57 Matching Annotations
  1. Last 7 days
  2. Apr 2021
    1. I wish to define methods within the class they belong to. Using class << self demonstrates that approach clearly — we are defining methods within the actual singleton class scope.
    2. When we usedef self.method, though, we are defining a method across scopes: we are present in the regular class scope, but we use Ruby’s ability to define methods upon specific instances from anywhere; self within a class definition is the Class instance we are working on (i.e. the class itself). Therefore, usingdef self.method is a leap to another scope, and this feels wrong to me.
  3. Mar 2021
    1. Ironically, what we’re doing today, is essentially the opposite: rather than reducing the scope of the problem, we continue to grow it, effectively increasing the number of details — and problems — for everyone.
  4. Feb 2021
    1. Grouped inputs It can be convenient to apply the same options to a bunch of inputs. One common use case is making many inputs optional. Instead of setting default: nil on each one of them, you can use with_options to reduce duplication.

      This is just a general Ruby/Rails tip, nothing specific to active_interaction (except that it demonstrates that it may be useful sometimes, and gives a specific example of when you might use it).

      Still, in my opinion, this doesn't belong in the docs. Partly because I think repeating the default: nil for every item is an acceptable type of duplication, which would be better, clearer (because it's more explicit), simpler, keeps those details closer to the place where they are relevant (imagine if there were 50 fields within a with_options block).

      I also think think that it creates a very arbitrary logical "grouping" within your code, which may cause you to unintentionally override/trump / miss the chance to use a different, more logical/natural/important/useful logical grouping instead. For example, it might be more natural/important/useful to group the fields by the section/fieldset/model that they belong with, even if your only grouping is a comment:

      # User fields
      string :name
      integer :age
      date :birthday, default: nil
      
      # Food preferences
      array :pizza_toppings
      boolean :wants_cake, default: nil
      

      may be a more useful grouping/organization than:

      # Fields that are required
      string :name
      integer :age
      array :pizza_toppings
      
      # Fields that are optional
      with_options default: nil do
        date :birthday
        boolean :wants_cake
      end
      

      Or it might be better to list them strictly in the same order as they appear in your model that you are trying to match. Why? Because then you (or your code reviewer) can more easily compare the lists between the two places to make sure you haven't missed any fields from the model, and quickly be able to identify which ones are missing (hopefully intentionally missing).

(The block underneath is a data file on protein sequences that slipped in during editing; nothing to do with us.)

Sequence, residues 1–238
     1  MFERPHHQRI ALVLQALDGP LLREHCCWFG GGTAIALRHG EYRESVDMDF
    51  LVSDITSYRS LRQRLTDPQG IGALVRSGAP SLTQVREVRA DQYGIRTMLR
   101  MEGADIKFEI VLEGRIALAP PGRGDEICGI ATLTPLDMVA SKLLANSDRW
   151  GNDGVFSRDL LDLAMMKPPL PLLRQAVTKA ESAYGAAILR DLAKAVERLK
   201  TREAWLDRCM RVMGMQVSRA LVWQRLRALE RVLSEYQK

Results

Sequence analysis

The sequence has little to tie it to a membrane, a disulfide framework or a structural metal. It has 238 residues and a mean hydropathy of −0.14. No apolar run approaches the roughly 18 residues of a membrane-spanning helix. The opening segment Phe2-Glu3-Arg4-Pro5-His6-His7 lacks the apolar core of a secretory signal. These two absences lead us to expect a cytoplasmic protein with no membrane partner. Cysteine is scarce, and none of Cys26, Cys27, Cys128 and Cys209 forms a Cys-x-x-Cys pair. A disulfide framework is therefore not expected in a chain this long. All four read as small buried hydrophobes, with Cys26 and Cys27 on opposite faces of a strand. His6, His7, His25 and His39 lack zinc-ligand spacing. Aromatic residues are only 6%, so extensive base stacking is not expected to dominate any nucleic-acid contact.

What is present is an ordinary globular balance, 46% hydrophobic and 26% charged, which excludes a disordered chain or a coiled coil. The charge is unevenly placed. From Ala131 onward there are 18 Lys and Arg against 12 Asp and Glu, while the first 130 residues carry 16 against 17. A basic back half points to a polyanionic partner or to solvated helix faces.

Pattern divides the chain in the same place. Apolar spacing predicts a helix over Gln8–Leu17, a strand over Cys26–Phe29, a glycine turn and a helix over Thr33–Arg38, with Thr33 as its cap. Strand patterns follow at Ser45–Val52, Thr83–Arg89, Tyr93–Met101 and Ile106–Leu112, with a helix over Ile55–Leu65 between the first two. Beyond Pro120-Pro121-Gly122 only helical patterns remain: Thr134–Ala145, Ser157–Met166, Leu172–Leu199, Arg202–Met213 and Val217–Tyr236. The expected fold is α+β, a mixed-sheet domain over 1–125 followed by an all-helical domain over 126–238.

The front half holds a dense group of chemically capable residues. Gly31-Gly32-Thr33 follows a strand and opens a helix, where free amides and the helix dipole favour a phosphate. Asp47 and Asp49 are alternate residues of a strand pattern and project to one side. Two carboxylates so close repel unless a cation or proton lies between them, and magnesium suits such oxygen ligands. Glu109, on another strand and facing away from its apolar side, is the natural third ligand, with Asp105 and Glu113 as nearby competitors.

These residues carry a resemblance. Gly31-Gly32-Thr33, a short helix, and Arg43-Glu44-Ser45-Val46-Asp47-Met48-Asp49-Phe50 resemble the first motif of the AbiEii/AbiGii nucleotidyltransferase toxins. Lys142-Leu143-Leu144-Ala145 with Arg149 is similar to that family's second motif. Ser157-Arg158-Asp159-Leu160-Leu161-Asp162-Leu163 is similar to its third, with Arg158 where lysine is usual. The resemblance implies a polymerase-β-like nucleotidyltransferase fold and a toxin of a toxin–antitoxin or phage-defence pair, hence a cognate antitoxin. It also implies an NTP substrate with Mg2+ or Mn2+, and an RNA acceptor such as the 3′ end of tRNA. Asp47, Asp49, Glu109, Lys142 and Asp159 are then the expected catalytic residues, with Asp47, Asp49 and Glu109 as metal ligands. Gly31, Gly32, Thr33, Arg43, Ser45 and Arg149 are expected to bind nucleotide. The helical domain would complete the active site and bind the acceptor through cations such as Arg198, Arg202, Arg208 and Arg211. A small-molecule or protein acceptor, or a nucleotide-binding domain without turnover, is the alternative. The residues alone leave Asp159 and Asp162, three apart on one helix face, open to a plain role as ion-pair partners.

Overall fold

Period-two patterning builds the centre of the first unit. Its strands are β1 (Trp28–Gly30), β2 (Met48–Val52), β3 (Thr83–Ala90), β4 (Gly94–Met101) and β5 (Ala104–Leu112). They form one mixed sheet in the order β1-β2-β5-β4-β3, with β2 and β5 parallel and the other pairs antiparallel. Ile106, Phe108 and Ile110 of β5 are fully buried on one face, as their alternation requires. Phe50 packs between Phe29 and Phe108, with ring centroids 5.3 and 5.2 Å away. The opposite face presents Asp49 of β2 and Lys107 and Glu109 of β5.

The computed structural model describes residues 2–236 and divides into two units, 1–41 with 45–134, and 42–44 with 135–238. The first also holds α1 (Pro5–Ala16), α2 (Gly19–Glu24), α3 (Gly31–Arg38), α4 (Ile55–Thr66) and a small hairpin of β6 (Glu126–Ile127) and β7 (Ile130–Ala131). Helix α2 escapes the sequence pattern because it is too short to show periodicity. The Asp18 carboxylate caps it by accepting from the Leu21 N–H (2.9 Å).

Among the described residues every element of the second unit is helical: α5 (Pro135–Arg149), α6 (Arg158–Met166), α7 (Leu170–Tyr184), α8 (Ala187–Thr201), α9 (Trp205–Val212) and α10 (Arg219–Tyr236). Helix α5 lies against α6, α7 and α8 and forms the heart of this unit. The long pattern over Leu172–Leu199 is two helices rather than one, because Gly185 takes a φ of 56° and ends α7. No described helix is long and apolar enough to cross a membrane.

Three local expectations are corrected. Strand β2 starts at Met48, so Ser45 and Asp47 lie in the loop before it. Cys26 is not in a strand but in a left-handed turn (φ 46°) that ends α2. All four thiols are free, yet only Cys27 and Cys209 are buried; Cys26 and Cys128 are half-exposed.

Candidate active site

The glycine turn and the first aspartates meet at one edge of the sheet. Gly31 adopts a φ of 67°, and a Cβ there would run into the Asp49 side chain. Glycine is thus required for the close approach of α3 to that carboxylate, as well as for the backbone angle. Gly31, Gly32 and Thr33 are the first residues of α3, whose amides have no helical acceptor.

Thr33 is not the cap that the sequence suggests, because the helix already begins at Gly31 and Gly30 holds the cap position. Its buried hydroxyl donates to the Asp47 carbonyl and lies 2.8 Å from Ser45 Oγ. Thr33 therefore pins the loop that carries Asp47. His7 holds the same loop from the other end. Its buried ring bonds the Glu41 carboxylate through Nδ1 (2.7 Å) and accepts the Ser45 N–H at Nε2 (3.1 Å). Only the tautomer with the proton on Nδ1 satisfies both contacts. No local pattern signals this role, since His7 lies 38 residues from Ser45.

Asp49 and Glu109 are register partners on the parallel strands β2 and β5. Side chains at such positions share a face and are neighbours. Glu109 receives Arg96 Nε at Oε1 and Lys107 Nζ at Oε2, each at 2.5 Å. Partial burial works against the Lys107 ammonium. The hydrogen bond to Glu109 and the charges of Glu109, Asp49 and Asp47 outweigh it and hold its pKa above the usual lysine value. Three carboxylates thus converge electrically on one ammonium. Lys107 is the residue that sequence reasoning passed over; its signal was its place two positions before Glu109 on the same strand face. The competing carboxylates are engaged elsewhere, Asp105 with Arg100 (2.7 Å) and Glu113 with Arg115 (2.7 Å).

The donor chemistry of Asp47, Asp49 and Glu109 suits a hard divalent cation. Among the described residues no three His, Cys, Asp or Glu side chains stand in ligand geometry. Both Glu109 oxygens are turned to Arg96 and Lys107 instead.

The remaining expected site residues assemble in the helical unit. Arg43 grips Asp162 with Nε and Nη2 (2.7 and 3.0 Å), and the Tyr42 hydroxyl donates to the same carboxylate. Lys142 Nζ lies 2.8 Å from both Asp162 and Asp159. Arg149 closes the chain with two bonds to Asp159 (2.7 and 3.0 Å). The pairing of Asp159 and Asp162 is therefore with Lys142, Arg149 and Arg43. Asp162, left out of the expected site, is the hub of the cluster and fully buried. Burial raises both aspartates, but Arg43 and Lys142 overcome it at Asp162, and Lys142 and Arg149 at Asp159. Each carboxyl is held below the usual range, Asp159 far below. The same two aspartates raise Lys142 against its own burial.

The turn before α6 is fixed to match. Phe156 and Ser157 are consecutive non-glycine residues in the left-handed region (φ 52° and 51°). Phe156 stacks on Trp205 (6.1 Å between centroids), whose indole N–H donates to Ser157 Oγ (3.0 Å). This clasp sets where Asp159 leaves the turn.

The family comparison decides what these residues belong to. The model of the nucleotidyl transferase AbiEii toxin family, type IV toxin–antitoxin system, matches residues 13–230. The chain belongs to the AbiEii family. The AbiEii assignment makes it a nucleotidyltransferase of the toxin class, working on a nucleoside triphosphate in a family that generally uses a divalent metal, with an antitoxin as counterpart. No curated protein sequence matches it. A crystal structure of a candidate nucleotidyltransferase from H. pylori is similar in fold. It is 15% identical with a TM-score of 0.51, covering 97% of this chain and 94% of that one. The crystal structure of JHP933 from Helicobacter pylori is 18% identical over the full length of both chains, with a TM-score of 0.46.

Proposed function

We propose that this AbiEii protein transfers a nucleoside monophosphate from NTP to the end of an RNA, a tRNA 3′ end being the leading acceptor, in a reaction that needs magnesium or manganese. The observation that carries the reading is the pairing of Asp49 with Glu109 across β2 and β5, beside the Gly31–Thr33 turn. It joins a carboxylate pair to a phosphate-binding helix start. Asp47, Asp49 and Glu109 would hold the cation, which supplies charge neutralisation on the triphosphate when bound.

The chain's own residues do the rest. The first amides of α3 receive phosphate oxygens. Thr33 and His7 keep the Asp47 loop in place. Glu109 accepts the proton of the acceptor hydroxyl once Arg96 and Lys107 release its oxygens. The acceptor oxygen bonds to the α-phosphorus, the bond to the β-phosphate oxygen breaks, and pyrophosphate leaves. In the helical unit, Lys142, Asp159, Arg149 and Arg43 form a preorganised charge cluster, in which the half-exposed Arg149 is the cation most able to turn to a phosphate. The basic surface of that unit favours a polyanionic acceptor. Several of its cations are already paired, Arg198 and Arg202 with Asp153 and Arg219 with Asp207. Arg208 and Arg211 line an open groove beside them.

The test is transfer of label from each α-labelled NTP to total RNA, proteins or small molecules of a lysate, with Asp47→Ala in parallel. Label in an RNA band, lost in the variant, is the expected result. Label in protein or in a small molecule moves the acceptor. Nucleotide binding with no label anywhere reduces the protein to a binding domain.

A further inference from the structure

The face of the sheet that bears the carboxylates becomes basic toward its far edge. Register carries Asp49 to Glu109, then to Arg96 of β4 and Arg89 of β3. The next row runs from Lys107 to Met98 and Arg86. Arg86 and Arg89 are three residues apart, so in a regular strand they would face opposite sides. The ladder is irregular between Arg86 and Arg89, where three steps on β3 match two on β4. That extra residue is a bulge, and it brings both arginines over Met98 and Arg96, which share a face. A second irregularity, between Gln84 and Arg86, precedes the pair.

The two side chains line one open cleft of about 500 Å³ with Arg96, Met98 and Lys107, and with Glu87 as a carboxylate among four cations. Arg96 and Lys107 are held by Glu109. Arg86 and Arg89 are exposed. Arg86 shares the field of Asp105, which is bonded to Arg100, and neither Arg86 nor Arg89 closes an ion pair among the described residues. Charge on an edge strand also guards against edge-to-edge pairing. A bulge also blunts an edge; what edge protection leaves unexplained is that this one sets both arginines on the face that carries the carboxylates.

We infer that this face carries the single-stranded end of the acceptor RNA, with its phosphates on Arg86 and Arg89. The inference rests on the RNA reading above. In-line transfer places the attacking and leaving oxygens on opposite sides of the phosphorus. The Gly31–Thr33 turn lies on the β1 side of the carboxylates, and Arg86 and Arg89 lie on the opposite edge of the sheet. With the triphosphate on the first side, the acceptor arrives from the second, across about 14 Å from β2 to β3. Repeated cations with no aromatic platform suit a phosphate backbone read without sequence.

In other words, their "optionalness" seems to me like a pretty incidental property, not a key property worthy of allowing to dictate the organization/order/grouping of your code.

    1. The basic classification of a form object is a class that contains writable attributes, validations and logic to persist the attributes to ActiveRecord objects. These forms can also include other side-effects like background job triggers, emails, and push-notifications etc. The simplest way to understand the concept is to think of them as a representation of a controller action where all of the business logic that happens in that controller action is abstracted into a form object.

      This definition may be a bit too broad. Others (like Reform) define it to have smaller scope — only the part where it persists/validates attributes. The other side effects might be better to put in a different location, like the controller action, or a service/processor object that has a form object.

  5. Dec 2020
    1. This is the accepted way to handle problems related to authentication, because user data has a couple of important characteristics: You really don't want to accidentally leak it between two sessions on the same server, and generating the store on a per-request basis makes that very unlikely It's often used in lots of different places in your app, so a global store makes sense.
    2. But Svelte 3 doesn't have global stores that are passed around in quite the same way.
    3. Just realised this doesn't actually work. If store is just something exported by the app, there's no way to prevent leakage. Instead, it needs to be tied to rendering, which means we need to use the context API. Sapper needs to provide a top level component that sets the store as context for the rest of the app. You would therefore only be able to access it during initialisation, which means you couldn't do it inside a setTimeout and get someone else's session by accident: